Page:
Sen. Joe Manchin won’t support sweeping voting rights package, instead pushes for bill with narrower scope
(CNN) — Sen. Joe Manchin will not back the sweeping elections and campaign finance overhaul sought by Democrats to blunt Republican state-level efforts to restrict voting access, a spokeswoman for the West Virginia Democrat confirmed Wednesday. He suggested instead pushing legislation that would have a narrower scope as the path forward.
The major voting rights package, called the For the People Act, would mandate 15 days of early voting, allow same-day voter registration and limit states’ ability to curb mail-in voting and the use of ballot boxes. It also rewrites federal campaign finance rules, sets out new ethics requirements for the president and seeks to end partisan gerrymandering.
But Manchin had previously expressed reservations about moving forward with a far-reaching measure without bipartisan support.
His suggestion for legislation that can move forward — the John Lewis Voting Rights Act — is a bill far less sweeping. But it would bring back major pieces of the 1965 Voting Rights Act, including a provision that require states to consult with the federal government before making major changes to their voting rules.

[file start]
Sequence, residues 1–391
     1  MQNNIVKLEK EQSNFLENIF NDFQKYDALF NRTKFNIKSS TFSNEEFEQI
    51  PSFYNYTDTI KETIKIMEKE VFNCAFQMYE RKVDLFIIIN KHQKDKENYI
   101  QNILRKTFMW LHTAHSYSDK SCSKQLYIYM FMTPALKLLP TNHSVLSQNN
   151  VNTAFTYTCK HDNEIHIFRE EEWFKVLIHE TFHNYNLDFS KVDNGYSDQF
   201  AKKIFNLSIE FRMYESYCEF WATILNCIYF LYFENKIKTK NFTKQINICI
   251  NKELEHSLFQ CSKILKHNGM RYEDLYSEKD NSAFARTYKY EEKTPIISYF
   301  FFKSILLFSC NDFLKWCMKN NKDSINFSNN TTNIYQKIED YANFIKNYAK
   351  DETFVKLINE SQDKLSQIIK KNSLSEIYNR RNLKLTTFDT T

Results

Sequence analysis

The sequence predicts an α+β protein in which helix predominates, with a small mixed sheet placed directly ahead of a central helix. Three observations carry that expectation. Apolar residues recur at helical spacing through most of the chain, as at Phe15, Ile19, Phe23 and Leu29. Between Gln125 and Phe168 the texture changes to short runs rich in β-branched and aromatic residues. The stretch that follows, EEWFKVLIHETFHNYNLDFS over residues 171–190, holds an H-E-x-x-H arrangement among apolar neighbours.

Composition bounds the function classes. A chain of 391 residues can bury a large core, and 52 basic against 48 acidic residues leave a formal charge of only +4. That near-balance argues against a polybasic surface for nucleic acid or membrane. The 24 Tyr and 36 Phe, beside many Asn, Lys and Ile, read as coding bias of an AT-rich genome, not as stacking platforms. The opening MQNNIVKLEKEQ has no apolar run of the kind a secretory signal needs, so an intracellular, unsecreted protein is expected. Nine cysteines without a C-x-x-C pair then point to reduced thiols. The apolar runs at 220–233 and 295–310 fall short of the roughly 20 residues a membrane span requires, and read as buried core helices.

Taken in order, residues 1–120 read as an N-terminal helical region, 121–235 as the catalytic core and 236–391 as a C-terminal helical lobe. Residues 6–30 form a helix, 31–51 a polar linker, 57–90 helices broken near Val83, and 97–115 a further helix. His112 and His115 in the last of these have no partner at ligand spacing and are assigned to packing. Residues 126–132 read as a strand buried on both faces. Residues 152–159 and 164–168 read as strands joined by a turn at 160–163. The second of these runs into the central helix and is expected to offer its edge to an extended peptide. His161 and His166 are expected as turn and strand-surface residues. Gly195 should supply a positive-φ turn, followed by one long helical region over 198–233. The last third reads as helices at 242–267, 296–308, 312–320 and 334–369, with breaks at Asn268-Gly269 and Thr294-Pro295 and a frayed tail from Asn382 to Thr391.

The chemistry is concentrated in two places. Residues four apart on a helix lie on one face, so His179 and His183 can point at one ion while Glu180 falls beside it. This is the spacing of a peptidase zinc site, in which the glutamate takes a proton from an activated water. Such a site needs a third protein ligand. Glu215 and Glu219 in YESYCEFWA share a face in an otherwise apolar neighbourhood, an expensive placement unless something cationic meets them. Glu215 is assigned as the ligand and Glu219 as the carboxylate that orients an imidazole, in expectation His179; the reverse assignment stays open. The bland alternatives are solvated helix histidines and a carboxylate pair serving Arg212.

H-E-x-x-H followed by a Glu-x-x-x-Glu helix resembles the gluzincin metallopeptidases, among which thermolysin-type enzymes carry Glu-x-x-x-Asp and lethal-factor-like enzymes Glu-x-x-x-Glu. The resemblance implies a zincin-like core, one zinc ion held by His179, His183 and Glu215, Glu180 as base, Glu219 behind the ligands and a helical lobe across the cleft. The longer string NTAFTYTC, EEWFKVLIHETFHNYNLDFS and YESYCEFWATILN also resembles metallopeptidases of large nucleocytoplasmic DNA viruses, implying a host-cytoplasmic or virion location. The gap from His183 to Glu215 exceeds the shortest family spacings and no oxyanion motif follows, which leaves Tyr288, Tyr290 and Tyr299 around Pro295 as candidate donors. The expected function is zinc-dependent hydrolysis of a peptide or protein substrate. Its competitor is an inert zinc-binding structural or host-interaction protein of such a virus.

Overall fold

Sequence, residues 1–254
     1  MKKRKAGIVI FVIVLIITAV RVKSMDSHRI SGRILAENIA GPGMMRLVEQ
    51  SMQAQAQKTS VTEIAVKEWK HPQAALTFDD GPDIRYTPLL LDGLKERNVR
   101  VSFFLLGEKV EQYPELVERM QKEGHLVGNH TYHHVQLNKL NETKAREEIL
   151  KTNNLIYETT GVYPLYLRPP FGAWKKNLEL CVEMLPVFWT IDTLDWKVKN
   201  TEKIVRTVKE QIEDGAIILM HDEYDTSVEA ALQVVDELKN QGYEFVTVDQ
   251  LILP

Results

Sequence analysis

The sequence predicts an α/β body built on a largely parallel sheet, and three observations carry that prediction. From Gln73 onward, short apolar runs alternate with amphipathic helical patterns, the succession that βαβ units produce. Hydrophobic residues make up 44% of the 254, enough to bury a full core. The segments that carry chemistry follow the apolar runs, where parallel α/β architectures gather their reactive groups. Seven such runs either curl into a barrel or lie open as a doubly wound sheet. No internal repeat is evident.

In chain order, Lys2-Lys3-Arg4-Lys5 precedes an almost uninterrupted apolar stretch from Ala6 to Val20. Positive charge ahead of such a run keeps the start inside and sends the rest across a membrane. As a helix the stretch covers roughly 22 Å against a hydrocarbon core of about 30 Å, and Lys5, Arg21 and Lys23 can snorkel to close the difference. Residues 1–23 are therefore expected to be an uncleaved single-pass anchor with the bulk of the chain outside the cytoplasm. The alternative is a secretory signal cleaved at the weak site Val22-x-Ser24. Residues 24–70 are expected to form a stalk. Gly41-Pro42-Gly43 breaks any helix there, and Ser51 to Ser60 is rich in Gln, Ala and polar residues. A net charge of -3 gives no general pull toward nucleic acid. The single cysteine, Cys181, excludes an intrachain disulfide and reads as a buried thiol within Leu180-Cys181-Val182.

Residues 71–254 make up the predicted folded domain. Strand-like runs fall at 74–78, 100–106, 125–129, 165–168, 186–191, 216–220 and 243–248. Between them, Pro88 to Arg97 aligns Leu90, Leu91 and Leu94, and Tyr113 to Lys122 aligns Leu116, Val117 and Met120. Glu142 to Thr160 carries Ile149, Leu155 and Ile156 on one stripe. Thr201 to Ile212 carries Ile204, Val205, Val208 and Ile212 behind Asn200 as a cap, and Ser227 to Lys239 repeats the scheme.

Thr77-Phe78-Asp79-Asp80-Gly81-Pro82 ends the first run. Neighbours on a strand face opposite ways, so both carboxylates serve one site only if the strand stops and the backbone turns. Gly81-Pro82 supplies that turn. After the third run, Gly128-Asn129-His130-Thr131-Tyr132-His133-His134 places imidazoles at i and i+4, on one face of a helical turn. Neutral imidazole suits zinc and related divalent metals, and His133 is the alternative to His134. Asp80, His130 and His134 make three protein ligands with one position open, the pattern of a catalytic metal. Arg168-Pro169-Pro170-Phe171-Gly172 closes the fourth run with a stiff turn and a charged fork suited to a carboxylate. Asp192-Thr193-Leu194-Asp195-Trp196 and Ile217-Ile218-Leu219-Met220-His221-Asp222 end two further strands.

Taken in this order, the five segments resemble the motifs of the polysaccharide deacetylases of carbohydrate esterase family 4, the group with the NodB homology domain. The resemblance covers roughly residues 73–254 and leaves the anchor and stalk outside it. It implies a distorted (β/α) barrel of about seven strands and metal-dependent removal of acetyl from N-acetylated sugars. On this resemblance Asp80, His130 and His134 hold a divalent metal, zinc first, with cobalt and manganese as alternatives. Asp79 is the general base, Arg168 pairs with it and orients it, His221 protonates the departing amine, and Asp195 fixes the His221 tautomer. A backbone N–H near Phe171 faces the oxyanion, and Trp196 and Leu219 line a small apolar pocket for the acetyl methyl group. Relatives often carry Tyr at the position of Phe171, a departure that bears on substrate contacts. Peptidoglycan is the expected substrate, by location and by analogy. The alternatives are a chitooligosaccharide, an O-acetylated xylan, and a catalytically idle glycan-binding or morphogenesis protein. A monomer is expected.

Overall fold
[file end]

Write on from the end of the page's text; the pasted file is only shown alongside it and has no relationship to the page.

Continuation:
Manchin’s support of that bill was first reported by ABC News.
The senator’s proposal comes just one day after the Senate Rules Committee deadlocked 9-9 along partisan lines on passing the For the People Act out of committee revealing the tough path ahead for the Democratic legislation.
It also comes ahead of a Democratic-wide conference meeting on the For the People Act scheduled for Thursday.
While Senate Majority Leader Chuck Schumer could still bring the bill to the floor, the vote in committee was a reminder that the legislation will not have the 60 votes needed to pass and has no Republican support. In recent weeks, Manchin has had conversations with Democratic colleagues Rep. Jim Clyburn and Sen. Raphael Warnock, both of whom have fought to pass the For the People’s Act.
On Tuesday, Republicans, led by Senate Minority Leader Mitch McConnell, repeatedly took aim at the 800-plus-page legislation with a raft of amendments that forced Democrats to cast a series of controversial votes.
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